Central Gneissic Unit Tokwe Terrane

Three and a half billion-year-old gneissic and greenstone rocks are well exposed in the area between Masvingo (Fort Victoria), Zvishavane (Shabani), and Shurugwi (Selukwe), in the Tokwe segment. The circa 3.5-3.6 billion-year-old Mashaba tonalite forms a relatively central part of this early gneissic terrane,

The Great Dike, a 2.5 billion-year-old magmatic intrusion in Zimbabwe, seen from the space shuttle Endeavour during mission STS-54, January 13-19, 1993 (NASA/Photo Researchers, Inc.)

and other rocks include mainly tonalitic to granodio-ritic, locally migmatitic gneissic units such as the circa 3.475 billion-year-old Tokwe River gneiss, Mushan-dike granitodiorite (2.95 billion years old), 3.0 billion-year-old Shabani gneiss, and 3.5 billion-year-old Mount d'Or tonalite. Similar rocks extend in both the northeast and southwest directions, but they are less well exposed and intruded by younger rocks in these directions. The Tokwe terrane probably extends to the northeast to include the area of circa 3.5 Ga greenstones and older gneissic rocks southeast of Harare. The Tokwe segment represents the oldest known portion of the Tokwe terrane, which was acting as a coherent terrane made up of 3.5-2.95 billion-year-old tectonic elements by circa 2.9 Ga.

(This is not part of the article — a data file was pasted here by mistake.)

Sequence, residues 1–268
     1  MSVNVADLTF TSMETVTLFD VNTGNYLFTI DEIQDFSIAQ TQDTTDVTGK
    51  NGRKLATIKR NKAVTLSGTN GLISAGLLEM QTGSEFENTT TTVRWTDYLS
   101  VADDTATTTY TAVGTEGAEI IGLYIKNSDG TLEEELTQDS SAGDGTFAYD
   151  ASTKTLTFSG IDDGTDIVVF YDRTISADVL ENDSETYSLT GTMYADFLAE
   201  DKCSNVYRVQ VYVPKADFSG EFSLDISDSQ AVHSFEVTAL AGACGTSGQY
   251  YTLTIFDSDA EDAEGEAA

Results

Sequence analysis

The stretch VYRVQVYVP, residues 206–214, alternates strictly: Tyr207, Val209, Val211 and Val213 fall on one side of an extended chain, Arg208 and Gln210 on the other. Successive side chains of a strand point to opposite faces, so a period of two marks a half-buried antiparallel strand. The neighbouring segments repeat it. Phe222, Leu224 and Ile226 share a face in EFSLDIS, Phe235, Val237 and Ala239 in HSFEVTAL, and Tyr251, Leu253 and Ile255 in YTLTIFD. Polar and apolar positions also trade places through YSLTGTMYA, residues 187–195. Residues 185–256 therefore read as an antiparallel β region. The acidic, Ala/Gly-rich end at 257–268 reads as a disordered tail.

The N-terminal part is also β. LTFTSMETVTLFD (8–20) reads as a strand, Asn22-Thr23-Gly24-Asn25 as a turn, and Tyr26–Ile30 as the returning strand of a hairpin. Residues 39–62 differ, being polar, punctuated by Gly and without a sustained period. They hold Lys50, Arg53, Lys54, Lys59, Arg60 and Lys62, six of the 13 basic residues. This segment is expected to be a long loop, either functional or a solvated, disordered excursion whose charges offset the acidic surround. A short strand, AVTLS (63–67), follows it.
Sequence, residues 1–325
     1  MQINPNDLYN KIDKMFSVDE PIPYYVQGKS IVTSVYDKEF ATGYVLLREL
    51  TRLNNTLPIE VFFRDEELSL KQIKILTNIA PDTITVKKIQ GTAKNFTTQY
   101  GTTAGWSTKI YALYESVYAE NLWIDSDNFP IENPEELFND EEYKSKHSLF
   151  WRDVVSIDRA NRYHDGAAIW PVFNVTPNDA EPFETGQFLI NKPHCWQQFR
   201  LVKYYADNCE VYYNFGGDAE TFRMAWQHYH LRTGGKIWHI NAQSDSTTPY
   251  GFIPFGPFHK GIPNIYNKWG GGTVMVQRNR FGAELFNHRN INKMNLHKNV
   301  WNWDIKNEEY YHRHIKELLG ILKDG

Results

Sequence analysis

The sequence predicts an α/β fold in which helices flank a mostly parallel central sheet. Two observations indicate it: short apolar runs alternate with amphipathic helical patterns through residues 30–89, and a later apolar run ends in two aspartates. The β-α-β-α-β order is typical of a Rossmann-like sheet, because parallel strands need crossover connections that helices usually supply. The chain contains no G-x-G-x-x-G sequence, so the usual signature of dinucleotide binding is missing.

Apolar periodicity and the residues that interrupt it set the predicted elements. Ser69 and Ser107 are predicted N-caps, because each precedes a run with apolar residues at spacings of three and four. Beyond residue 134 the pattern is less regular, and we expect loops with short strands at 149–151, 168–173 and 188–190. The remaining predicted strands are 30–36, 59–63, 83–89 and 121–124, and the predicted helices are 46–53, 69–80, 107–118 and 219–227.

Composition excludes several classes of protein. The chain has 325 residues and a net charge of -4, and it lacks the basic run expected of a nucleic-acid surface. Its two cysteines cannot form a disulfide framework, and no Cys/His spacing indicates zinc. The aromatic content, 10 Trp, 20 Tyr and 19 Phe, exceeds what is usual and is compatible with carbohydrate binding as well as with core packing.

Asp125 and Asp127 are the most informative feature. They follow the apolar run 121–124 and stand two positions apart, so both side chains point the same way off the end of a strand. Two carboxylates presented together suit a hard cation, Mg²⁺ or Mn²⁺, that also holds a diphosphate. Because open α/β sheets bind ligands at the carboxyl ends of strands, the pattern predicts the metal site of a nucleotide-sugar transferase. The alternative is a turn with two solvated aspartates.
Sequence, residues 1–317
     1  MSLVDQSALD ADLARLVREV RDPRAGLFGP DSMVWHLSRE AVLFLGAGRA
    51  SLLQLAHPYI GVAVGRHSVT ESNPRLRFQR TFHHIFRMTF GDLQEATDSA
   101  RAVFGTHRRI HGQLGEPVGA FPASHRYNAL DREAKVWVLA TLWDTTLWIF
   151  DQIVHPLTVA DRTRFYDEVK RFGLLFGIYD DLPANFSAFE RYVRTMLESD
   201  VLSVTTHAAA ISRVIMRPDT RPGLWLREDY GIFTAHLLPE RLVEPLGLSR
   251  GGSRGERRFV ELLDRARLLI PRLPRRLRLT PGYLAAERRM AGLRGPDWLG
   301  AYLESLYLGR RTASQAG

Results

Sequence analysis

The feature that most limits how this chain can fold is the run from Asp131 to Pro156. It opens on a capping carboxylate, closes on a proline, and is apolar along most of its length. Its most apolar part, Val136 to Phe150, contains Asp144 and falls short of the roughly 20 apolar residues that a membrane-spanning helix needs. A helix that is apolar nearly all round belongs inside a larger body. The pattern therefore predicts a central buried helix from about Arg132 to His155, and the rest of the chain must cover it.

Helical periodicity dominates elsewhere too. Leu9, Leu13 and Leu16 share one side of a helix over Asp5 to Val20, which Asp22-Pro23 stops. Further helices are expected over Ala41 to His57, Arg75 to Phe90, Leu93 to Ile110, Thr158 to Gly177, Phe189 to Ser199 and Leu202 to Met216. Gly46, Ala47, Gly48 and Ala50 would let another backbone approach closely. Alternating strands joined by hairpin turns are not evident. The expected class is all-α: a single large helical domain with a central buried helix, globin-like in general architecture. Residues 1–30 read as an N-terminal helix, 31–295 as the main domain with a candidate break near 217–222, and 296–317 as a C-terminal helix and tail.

The 3.500-2.950 billion-year-old Tokwe ter-rane also contains numerous narrow greenstone belt remnants, which are typically strongly deformed and multiply folded along with interlayered gneiss. The area in the northeasternmost part of the central gneissic terrane southeast of Harare best exhibits this style of deformation, although it continues southwest through Shurugwi. In the Mashava area west of Masvingo, ultramafic rocks, iron formations, quartz-ites, and mica schist are interpreted as 3.5 billion-year-old greenstone remnants tightly infolded with the ancient gneissic rocks. The 3.5 billion-year-old Shurugwi (Selukwe) greenstone belt was the focus of Clive W. Stowe's classic studies in the late 1960s, in which he identified Alpine-type inverted nappe structures and proposed that the greenstone belt was thrust over older gneissic basement rocks, forming an imbricated and inverted mafic/ultramafic allochthon. This was subsequently folded and intruded by granitoids during younger tectonic events.